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CDs That Melt

CDs That Will Warp To Uselessness
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for companies that sell digital media, cds aren't all that great in terms of repeat customers. records and cassette tapes had a maximum usable lifetime, after which they became difficult or impossible to utilize.

by using a type of plastic with a lower melting temperature, companies can force people to replace their digital media after long sessions of use.

the best use for this technology would be to seed them into the standard number of released disks so that only a small number would actually melt.

the best companies to use this would be companies that don't care if they ruin their customer's equipment in the process of forcing upgrades. i.e. sony.

tcarson, Jul 25 2006

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       Do you happen to work for one of these companies by any chance...?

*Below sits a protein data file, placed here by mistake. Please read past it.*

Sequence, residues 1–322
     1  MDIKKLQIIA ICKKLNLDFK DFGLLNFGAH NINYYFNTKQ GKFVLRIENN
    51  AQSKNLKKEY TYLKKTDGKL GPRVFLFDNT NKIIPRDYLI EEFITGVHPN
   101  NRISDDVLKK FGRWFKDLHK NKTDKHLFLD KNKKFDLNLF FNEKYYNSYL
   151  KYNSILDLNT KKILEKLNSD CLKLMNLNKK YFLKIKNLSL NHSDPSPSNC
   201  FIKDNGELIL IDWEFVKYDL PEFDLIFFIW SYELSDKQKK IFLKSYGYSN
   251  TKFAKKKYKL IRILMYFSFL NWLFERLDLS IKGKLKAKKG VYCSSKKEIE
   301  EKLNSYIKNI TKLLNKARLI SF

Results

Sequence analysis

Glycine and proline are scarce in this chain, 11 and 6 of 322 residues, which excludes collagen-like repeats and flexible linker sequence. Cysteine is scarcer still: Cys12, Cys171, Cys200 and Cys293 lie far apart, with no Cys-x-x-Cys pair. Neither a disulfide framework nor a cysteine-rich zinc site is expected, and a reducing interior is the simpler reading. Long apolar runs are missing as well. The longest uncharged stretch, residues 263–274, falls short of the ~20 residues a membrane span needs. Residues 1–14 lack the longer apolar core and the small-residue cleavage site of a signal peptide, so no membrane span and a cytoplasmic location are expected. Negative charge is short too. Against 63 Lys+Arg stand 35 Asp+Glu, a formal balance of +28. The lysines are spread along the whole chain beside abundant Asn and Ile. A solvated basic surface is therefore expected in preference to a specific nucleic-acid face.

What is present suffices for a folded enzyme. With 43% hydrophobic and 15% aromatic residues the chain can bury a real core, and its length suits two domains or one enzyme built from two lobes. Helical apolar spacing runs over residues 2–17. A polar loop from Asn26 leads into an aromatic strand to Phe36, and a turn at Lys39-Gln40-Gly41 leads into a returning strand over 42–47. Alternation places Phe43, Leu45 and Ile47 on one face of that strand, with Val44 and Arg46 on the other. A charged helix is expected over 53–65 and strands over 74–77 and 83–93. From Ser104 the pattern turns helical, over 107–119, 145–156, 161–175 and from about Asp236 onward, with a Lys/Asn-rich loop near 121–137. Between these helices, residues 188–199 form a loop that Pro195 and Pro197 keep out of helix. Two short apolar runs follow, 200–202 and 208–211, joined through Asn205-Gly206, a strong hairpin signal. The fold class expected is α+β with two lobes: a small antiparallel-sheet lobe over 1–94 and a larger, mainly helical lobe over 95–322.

BJS, Jul 25 2006

       not me. you couldn't pay me to work somewhere like sony or microsoft.
tcarson, Jul 25 2006

       //records and cassette tapes had a maximum usable lifetime, after which they became difficult or impossible to utilize. // I'm still playing my favourite new wave music recorded onto M*****l brand high quality cassettes in 1980-83, and every few months I pull out my Pink Parker (Graham Parker & The Rumour on a pink vinyl record) from 1977 and give it a spin. No sign of decay yet.
ConsulFlaminicus, Jul 25 2006

       Micro MV? Betamax? (Soon: BluRay)   

       They've thought of this already, I assure you.
Mr Burns, Jul 25 2006

       I believe they've opted to simply make the DVD or CD drive laser self-degrading. This way, your classic music and movies remains "safe" (until you've polished off the metal) while the computer or DVD player must be replaced about once every six months or so.
ye_river_xiv, Jul 28 2006


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